Readers respond to news that an anti-LGBT magistrate bill has become law. Read more about the story at goqnotes.com/35563/n-c-anti-gay-magistrate-refusal-bill-becomes-law-as-n-c-house-overrides-governors-veto/ or see the latest news from the legislature online at goqnotes.com/in/ncga/.
Flood the Magistrates Offices with SSM applications. Let the Magistrates recuse themselves. Flood their offices again in another 6 months. If one segment of the Citizenry can’t marry, let none marry.
— Krimson, June 11
the beautiful thing about the american government is that you have three separate but equal branches executive and legislative and judicial and even though the legislate branch (the general assembly) passed legislation that is clearly illegal and unconstitutional and the executive branch (the governor) vetoed the legislation and then the legislate branch (the general assembly) over rode that veto the judicial branch (state and federal courts) will have the last word on this issue and it will suffer the same fate as amendment one
— Nicholas, June 11
So what’s next? Bigoted magistrates will stop marrying anyone who, back to ten generations, is descended from someone born out of wedlock (Deuteronomy 23:2), or any woman with braided hair or gold jewelry (1 Timothy 2:9). or anyone with a tattoo (Leviticus 19:28)? If they’re going to enforce all of the rules suggested in the Bible shouldn’t they be required to enforce them all? Oh that’s right, they don’t even have to enforce the actual laws of the State of North Carolina in order to keep their jobs.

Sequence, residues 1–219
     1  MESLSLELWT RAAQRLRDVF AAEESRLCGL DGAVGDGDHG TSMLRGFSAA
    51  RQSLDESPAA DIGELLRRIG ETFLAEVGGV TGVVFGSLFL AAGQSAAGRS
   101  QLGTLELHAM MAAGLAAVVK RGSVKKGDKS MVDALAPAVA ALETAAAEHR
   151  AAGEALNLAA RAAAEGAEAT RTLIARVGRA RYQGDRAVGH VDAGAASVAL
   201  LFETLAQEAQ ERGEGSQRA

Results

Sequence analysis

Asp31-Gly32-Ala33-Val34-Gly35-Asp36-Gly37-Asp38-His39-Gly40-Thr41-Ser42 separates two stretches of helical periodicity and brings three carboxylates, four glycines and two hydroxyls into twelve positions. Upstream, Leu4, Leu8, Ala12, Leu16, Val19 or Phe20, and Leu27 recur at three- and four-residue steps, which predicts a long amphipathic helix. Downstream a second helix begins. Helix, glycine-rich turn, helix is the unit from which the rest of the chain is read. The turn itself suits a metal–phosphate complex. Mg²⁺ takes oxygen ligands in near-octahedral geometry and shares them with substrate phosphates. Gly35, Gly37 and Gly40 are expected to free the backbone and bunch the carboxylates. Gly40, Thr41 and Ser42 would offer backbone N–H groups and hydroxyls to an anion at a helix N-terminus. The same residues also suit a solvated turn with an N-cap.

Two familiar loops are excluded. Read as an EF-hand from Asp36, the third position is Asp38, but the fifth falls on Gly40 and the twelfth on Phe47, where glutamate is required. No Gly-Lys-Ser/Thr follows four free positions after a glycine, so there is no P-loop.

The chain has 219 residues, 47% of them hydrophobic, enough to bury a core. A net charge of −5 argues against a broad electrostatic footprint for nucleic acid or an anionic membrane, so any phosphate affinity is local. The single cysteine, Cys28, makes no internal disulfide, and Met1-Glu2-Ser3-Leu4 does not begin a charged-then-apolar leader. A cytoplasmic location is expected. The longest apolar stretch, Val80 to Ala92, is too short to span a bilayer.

— Jimmy Locke, June 11
A reader responds to our June 5 feature on pre-Stonewall events (goqnotes.com/35450/).
Matt; thank you from an old timer for getting our history right. I remember walking past Compton’s and looking in the window, knowing we were not to go there. Our time in history was a scary time, the police harassment was real, I myself as a young transgender experienced it several times. It was a time of LSD, free love, before the AIDS epidemic. We had no organized support systems for the Gay community; we took care of each other. This was the time I and my partner Roberta Fuso [Sunny Rae], who today is my friend on Facebook, started inviting the less fortunate for Thanksgiving dinner to our small apartment in the Tenderloin, as you know I carry on this tradition to this day. My message to our young the Freedom movement is alive, stand up for what you believe; do not take the leftovers of society. Our community is moving forward at a pace never seen before, but do it with dignity and respect for others.
— Janice Covington Allison, June 9